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Justice News

Department of Justice
U.S. Attorney’s Office
Eastern District of Wisconsin

FOR IMMEDIATE RELEASE
Friday, September 8, 2017

Juries Find Milwaukee Men Guilty of Sex Trafficking

Gregory J. Haanstad, United States Attorney for the Eastern District of Wisconsin, announced that two sex traffickers (commonly referred to as “pimps”) were convicted in separate trials in federal court in Milwaukee.

 

On September 1, 2017, a federal jury found Jaboree Williams (age 31) guilty on 18 counts:

  • three counts of sex trafficking;

  • three counts of interstate transportation for purposes of prostitution;

  • conspiracy to distribute heroin and other narcotics;

  • obstruction of a sex trafficking investigation;

  • four counts of witness intimidation and tampering;

  • four counts of contempt of court;

  • obstruction of justice; and

  • sending an extortionate threat.

 

The evidence at his trial established that Williams used force, fraud, and coercion to compel female victims to engage in prostitution in a number of states, including Illinois, Minnesota, Indiana, Georgia, Ohio, and Pennsylvania. The victims testified that Williams imposed a strict set of rules, including that the victims provide him with all of the money they were paid for engaging in sex acts; that they never tell law enforcement what Williams made them do; and that they obey Williams’ commands. Williams enforced these rules by severely beating victims who violated them. He also threatened and intimidated victims and other witnesses during the investigation and prosecution, including while he was in jail and subject to a no-contact order that had been entered by a federal judge.

 

Williams is scheduled to be sentenced on December 20, 2017, by United States District Judge J.P. Stadtmueller. Williams faces a maximum life term of imprisonment and a mandatory minimum of 15 years of imprisonment.

 

The Federal Bureau of Investigation’s Human Trafficking Task Force and the Racine Police Department investigated the Williams case with the assistance of the Oshkosh Police Department. Assistant United States Attorneys Laura S. Kwaterski and Karine Moreno-Taxman prosecuted the case.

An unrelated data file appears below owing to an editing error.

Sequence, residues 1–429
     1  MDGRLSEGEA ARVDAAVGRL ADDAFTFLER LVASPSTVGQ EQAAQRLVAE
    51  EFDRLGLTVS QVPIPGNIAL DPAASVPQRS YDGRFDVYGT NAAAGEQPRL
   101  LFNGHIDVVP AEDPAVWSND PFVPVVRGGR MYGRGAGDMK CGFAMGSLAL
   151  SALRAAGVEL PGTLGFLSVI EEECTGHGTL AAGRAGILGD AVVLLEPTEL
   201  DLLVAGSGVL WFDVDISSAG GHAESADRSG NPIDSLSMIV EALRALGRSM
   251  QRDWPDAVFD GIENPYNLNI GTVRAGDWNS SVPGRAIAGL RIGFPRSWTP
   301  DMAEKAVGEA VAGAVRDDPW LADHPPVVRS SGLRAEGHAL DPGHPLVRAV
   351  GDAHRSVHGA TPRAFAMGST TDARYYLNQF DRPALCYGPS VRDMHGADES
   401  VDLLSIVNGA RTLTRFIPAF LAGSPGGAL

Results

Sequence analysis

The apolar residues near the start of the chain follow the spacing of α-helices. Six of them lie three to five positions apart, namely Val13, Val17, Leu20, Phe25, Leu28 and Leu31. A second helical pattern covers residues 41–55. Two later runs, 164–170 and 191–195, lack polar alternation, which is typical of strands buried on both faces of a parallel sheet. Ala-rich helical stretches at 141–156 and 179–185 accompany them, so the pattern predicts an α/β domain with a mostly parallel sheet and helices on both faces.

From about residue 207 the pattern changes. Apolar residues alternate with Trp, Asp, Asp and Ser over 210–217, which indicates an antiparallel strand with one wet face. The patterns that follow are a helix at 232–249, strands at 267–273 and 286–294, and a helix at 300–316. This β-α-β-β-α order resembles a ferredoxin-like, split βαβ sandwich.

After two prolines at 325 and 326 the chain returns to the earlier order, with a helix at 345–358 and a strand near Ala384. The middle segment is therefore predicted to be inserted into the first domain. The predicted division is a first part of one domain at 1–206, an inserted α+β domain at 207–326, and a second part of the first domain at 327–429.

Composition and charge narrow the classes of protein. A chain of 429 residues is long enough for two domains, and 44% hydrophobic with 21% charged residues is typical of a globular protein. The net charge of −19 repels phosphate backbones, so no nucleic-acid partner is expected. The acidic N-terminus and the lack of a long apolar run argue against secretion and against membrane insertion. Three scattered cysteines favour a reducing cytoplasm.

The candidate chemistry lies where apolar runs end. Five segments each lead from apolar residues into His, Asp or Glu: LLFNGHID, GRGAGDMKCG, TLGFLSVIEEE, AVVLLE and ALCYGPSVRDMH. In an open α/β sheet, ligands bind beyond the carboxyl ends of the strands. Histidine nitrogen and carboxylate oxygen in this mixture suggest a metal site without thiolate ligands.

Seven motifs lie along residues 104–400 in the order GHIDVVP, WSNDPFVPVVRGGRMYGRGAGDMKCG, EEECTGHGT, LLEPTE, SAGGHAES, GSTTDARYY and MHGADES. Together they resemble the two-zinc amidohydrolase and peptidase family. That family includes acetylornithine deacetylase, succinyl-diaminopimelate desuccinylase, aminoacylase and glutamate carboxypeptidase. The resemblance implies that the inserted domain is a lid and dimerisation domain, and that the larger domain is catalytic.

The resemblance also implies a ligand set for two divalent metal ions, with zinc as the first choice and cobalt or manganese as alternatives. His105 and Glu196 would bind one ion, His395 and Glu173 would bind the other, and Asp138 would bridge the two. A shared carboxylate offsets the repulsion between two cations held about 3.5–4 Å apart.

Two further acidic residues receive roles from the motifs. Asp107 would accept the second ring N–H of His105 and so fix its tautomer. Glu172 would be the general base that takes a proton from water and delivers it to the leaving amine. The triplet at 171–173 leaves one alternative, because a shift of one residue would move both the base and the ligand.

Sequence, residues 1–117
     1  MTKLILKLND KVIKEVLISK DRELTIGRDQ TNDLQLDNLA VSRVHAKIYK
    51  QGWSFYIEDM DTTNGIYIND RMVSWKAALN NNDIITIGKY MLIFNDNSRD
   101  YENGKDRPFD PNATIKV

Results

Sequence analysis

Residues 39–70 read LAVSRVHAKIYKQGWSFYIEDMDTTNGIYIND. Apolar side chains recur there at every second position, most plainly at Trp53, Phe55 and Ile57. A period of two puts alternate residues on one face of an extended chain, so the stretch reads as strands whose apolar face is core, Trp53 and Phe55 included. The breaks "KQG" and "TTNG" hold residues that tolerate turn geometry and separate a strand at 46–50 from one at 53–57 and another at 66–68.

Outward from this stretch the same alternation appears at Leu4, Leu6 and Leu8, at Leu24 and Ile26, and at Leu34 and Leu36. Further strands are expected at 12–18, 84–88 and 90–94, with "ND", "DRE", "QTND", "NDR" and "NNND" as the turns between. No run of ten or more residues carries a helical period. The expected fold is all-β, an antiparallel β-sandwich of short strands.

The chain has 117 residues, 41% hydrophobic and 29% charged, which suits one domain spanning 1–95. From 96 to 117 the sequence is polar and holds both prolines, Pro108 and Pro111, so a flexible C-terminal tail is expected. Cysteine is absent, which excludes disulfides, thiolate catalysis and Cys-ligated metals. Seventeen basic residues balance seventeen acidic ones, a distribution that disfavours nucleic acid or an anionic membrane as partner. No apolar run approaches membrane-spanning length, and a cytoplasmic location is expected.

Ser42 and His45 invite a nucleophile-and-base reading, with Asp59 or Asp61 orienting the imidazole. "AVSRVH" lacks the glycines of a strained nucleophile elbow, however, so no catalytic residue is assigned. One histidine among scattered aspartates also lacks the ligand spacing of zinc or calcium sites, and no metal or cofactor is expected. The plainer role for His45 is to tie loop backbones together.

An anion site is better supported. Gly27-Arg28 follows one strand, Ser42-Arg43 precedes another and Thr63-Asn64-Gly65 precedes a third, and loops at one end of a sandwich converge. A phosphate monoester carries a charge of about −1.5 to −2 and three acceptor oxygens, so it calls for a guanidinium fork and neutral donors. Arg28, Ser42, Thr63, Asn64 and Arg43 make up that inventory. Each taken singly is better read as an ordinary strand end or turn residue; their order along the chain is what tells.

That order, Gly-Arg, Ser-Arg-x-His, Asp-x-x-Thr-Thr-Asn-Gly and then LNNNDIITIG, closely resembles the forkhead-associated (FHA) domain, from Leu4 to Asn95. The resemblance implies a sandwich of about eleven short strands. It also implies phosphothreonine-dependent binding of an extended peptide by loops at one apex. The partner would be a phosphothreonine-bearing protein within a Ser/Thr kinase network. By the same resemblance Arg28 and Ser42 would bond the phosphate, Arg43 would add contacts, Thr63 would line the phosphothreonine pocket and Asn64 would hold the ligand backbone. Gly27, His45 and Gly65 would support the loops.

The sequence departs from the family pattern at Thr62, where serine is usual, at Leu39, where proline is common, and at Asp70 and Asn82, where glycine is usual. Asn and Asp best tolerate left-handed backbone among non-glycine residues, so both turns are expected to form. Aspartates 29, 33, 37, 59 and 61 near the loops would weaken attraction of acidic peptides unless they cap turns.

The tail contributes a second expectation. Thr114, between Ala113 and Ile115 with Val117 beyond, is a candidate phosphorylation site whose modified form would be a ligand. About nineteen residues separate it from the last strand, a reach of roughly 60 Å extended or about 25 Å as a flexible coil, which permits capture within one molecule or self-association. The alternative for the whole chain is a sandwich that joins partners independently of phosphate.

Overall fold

On September 6, 2017, in a separate trial, another federal jury found Terrell Shankle, a/k/a “King Relly” (age 40), guilty on six counts:

  • one count of conspiracy to transport a minor across state lines to engage in prostitution; and

  • five counts of sex trafficking a minor and sex trafficking a person using force, fraud, or coercion.

 

The evidence at his trial established that Shankle was a violent sex trafficker who, between September 2006 and May 2012, used force, fraud, and coercion to cause a number of minor and adult female victims to engage in prostitution. Victims of Shankle’s sex trafficking testified that he regularly used physical violence and threats of violence to control them and make them engage in prostitution in Milwaukee and Chicago for his profit. All of the victims were teenagers when Shankle coerced them into prostitution, and many were under the age of 18.

 

Shankle faces a maximum sentence of life imprisonment, and mandatory minimum sentences of 15 years’ imprisonment on each of the five counts of sex trafficking by force, fraud, or coercion. The sentencing hearing is set for December 6, 2017, before U.S. District Judge Lynn Adelman.

 

The Federal Bureau of Investigation and the Milwaukee Police Department investigated the Shankle case, with assistance from the Cook County (Illinois) Sheriff’s Department. Assistant United States Attorneys Benjamin W. Proctor and Erica J. Lounsberry prosecuted the case.

 

United States Attorney Gregory J. Haanstad stated: “Sex traffickers prey upon some of the most vulnerable members of our society, subjecting victims to extraordinary levels of violence and brutality. All too often, as was the case with Terrell Shankle, children are among the vulnerable victims targeted by sex traffickers. And sex traffickers like Jaboree Williams further aggravate already-horrific crimes by using the fear they have instilled in their victims to intimidate witnesses and obstruct sex trafficking investigations and prosecutions. The Williams and Shankle cases reflect the commitment that the United States Attorney’s Office and the Federal Bureau of Investigation have to working with our local law enforcement partners to protect citizens from these violent and predatory offenses.”

 

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Updated September 8, 2017